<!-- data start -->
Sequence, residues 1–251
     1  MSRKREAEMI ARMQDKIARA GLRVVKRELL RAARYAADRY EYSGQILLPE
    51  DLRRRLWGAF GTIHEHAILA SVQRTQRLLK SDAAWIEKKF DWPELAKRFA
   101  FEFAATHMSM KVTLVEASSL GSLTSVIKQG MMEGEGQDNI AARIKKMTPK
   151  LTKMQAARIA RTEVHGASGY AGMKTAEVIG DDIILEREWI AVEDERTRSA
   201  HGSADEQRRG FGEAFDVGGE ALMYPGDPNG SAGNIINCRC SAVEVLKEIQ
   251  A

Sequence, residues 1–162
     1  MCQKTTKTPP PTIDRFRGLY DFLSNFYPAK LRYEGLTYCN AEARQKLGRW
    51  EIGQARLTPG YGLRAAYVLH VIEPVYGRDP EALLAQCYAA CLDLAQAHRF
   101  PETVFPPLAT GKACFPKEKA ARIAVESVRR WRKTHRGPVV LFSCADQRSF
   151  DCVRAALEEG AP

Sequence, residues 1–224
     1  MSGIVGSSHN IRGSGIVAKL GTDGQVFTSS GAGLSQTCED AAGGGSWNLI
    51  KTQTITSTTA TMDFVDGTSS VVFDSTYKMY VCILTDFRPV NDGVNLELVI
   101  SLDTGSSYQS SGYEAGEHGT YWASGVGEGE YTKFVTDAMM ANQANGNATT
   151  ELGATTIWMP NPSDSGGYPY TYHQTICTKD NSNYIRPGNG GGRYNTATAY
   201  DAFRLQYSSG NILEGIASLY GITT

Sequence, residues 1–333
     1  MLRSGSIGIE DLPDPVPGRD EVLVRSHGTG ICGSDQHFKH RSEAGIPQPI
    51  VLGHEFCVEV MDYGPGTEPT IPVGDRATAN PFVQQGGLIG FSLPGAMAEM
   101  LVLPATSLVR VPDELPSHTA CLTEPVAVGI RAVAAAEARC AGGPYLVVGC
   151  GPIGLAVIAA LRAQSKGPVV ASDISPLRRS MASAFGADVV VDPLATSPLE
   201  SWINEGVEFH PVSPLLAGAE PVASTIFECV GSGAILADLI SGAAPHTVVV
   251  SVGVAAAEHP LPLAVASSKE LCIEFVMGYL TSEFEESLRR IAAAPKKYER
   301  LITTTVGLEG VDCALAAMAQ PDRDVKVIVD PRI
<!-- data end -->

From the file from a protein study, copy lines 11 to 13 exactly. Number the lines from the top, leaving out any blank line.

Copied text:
   101  PETVFPPLAT GKACFPKEKA ARIAVESVRR WRKTHRGPVV LFSCADQRSF
   151  DCVRAALEEG AP

Sequence, residues 1–224